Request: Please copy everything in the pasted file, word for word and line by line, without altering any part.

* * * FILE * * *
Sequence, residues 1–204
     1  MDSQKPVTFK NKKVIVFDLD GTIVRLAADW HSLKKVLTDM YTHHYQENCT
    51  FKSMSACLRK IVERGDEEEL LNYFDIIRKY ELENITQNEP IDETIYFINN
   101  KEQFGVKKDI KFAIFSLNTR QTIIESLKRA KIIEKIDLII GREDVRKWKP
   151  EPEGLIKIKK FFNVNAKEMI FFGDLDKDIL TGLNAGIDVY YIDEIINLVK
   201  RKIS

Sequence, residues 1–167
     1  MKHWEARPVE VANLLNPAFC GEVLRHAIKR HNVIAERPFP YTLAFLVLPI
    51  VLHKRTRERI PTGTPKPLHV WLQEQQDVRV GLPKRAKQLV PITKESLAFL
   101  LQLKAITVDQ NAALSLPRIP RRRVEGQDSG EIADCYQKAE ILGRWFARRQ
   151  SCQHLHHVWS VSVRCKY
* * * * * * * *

Sequence, residues 1–204
     1  MDSQKPVTFK NKKVIVFDLD GTIVRLAADW HSLKKVLTDM YTHHYQENCT
    51  FKSMSACLRK IVERGDEEEL LNYFDIIRKY ELENITQNEP IDETIYFINN
   101  KEQFGVKKDI KFAIFSLNTR QTIIESLKRA KIIEKIDLII GREDVRKWKP
   151  EPEGLIKIKK FFNVNAKEMI FFGDLDKDIL TGLNAGIDVY YIDEIINLVK
   201  RKIS

Sequence, residues 1–167
     1  MKHWEARPVE VANLLNPAFC GEVLRHAIKR HNVIAERPFP YTLAFLVLPI
    51  VLHKRTRERI PTGTPKPLHV WLQEQQDVRV GLPKRAKQLV PITKESLAFL
   101  LQLKAITVDQ NAALSLPRIP RRRVEGQDSG EIADCYQKAE ILGRWFARRQ
   151  SCQHLHHVWS VSVRCKY